The quantum mechanics in the first example and the gravity in the second example are not unified in a single theoretical framework. Attempts to unify them by contemplating extra dimensions within string theory did not resolve the nature of the singularities of the Big Bang or black holes, nor did they lead to a testable explanation of the vacuum ground state or dark energy. Surprisingly, the notion of extra dimensions still dominates the mainstream of theoretical physics without passing a single experimental test or suggesting one in the foreseeable future. Something changed in the sociology of science from the glorious days when Einstein and Peebles focused their efforts on proposing testable conjectures.

Consider a closer-to-home example of absorbing the gate to the unknown into the territory of what is known.  Humanity launched five probes into interstellar space: Voyager 1 & 2, Pioneer 10 & 11, and New Horizons. It would only appear natural for us to entertain the possibility that some of the interstellar objects entering the solar system from outer space are relics of extraterrestrial civilizations which preceded us. But common sense is not common. Astronomers who specialize in comets argue that the first reported interstellar object, `Oumuamua, which did not show any traces of gas around it, is actually a comet with an invisible coma. As in Hans-Christian Andersen’s folktale, they say that “The Emperor’s New Clothes” are invisible. This claim was recently celebrated by Nature magazine and science reporters, even after it was shown to be based on a wrong calculation. The temptation to explain away anomalies echoes the use of epicycles to explain planetary motions in an Earth-centered worldview.

Learning is guided by the humility to seek new data in order to resolve anomalies rather than by insisting on what we already know. Seeking further evidence agnostically is key to handling the uncertain nature of the unknown. The search is not popular among gatekeepers because it requires them to admit that they missed something important about reality. It is also not popular with others because it requires the hard work of collecting new data. It is much easier to maintain existing opinions and not rock the status quo of past beliefs.

When both my parents died a few years ago, I decided to focus on substance and not on popularity contests. Humanity faces existential risks, and I would rather help it become one of the rare survivors in the Milky Way galaxy. Evidence rather than human-made stories is key to our survival. And the best wake-up call would be delivered by a technological alarm clock sent by another Milky Way survivor.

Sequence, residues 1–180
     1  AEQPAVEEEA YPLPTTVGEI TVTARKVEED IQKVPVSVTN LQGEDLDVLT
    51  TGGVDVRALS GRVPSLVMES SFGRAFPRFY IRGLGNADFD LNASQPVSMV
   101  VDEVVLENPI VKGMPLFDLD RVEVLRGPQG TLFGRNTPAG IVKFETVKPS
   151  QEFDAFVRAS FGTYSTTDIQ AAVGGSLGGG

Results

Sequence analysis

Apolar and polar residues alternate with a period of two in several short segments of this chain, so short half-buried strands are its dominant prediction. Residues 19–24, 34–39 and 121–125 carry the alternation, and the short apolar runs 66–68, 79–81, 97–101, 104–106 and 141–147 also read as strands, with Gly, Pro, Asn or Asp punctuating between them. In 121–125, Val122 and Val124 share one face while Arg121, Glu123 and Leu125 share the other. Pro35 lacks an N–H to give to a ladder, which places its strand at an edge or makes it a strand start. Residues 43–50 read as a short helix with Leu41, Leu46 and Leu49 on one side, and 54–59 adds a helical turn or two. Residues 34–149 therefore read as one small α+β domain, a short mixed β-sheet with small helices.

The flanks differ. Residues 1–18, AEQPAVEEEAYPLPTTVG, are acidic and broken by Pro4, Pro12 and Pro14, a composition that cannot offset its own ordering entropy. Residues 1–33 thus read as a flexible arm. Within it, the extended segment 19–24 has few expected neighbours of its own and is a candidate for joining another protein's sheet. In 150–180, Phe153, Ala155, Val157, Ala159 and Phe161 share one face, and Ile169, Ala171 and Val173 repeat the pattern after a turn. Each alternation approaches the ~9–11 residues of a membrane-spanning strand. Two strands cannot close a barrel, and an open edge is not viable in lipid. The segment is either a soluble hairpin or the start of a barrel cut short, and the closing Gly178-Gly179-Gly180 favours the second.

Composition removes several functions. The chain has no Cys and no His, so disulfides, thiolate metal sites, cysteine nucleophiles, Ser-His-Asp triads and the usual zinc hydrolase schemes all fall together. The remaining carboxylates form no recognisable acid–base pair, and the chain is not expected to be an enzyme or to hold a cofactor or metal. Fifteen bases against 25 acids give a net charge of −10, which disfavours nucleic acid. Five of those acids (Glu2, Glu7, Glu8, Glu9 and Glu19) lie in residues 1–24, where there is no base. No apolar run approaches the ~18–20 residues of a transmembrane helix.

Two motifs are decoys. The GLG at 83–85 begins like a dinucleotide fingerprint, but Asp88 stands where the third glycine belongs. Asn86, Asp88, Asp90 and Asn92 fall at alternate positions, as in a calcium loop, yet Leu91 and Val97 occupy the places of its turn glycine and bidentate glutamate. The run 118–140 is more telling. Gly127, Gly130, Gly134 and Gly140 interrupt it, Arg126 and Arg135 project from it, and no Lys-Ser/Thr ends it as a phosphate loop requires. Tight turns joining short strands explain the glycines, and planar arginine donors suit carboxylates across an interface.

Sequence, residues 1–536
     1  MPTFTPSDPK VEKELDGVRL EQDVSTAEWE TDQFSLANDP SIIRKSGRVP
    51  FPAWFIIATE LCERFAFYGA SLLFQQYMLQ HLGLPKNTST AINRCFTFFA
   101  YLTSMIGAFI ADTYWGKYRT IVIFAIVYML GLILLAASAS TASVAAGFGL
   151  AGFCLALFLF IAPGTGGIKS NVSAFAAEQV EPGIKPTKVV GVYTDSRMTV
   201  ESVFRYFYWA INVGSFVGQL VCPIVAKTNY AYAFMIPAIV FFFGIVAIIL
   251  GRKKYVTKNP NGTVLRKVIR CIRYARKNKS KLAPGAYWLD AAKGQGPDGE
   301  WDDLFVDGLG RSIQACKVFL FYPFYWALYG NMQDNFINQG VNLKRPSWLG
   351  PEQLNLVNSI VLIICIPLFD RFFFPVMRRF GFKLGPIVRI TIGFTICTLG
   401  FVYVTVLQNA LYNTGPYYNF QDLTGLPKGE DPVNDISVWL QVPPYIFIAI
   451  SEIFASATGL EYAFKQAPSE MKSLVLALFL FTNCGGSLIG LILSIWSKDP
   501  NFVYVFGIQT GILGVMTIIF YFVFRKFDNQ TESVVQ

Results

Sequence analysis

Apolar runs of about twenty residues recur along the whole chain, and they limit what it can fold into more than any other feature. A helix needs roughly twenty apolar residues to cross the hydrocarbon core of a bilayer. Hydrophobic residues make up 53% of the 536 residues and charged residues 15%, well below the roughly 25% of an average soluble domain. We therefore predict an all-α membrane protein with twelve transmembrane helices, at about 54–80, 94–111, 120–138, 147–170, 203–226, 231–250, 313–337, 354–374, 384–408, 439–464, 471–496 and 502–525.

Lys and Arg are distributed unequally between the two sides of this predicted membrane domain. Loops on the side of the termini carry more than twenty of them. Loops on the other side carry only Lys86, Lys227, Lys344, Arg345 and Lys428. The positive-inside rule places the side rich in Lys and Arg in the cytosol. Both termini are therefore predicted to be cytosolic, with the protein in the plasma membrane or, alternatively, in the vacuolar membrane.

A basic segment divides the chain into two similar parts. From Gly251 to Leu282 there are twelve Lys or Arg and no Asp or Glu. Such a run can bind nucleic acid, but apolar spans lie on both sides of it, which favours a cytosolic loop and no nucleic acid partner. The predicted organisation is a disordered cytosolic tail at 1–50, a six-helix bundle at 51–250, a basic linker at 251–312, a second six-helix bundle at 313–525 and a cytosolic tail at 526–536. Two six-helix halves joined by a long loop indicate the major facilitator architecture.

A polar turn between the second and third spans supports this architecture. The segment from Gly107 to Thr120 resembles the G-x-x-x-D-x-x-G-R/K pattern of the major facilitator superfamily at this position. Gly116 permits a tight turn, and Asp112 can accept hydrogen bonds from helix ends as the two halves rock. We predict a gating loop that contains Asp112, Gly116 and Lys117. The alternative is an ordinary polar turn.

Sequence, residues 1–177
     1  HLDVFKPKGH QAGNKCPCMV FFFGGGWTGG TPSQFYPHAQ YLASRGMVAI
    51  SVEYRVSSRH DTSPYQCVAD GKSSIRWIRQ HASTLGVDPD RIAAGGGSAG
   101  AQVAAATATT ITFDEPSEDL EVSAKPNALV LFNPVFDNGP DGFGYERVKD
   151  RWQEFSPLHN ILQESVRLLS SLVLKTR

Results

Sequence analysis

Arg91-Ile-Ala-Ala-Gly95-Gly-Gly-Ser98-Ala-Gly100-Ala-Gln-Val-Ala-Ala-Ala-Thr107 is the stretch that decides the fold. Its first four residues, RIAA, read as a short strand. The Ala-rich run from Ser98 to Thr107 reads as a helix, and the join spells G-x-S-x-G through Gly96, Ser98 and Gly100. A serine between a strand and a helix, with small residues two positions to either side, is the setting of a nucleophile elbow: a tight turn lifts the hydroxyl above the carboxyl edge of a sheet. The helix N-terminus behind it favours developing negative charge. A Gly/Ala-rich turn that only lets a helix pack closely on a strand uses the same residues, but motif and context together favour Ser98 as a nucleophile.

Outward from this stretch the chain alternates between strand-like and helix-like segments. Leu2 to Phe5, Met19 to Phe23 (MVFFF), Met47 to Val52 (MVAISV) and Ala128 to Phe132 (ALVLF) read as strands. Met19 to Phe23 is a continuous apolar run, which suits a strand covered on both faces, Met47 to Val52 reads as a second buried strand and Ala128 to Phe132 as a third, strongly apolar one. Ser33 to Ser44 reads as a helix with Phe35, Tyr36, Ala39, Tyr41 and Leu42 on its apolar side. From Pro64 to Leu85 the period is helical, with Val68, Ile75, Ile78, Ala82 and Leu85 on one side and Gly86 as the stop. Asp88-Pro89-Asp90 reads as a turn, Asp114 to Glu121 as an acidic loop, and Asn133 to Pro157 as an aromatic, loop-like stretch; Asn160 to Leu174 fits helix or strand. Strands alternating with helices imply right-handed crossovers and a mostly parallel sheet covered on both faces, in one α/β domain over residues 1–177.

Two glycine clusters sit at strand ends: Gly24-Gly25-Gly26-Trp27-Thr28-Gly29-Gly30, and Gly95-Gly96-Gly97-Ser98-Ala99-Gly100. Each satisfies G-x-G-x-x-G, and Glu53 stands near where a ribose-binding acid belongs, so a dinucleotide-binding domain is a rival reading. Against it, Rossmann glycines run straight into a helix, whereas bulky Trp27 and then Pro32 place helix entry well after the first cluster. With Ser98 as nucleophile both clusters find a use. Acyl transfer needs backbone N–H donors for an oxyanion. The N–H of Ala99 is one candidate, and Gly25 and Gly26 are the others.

My hope is that our attitude toward learning will change once we realize what other intelligent civilizations did to survive. Smarter students in our class could inspire us to do better. In this vein, the privately-funded Galileo Project is constructing new observatories to study Unidentified Aerial Phenomena, developing software to discover `Oumuamua-like interstellar objects, and coordinating expeditions to study interstellar meteors, just to check whether any of them originated from extraterrestrial technological civilizations.

With any luck, may the packages we find in our mailbox include instruction manuals for our long-term survival. They might also advise us to take the correct exit from the technological highway to our demise. Altogether, interstellar dating might inspire us to be better.

Avi Loeb is the head of the Galileo Project, founding director of Harvard University’s – Black Hole Initiative, director of the Institute for Theory and Computation at the Harvard-Smithsonian Center for Astrophysics, and the former chair of the astronomy department at Harvard University (2011-2020). He chairs the advisory board for the Breakthrough Starshot project, and is a former member of the President’s Council of Advisors onScience and Technology and a former chair of the Board on Physics and Astronomy of the National Academies. He is the bestselling author of “Extraterrestrial: The First Sign of Intelligent Life Beyond Earth” and a co-author of the textbook “Life in the Cosmos”, both published in 2021. His new book, titled “Interstellar”, is scheduled for publication in August 2023.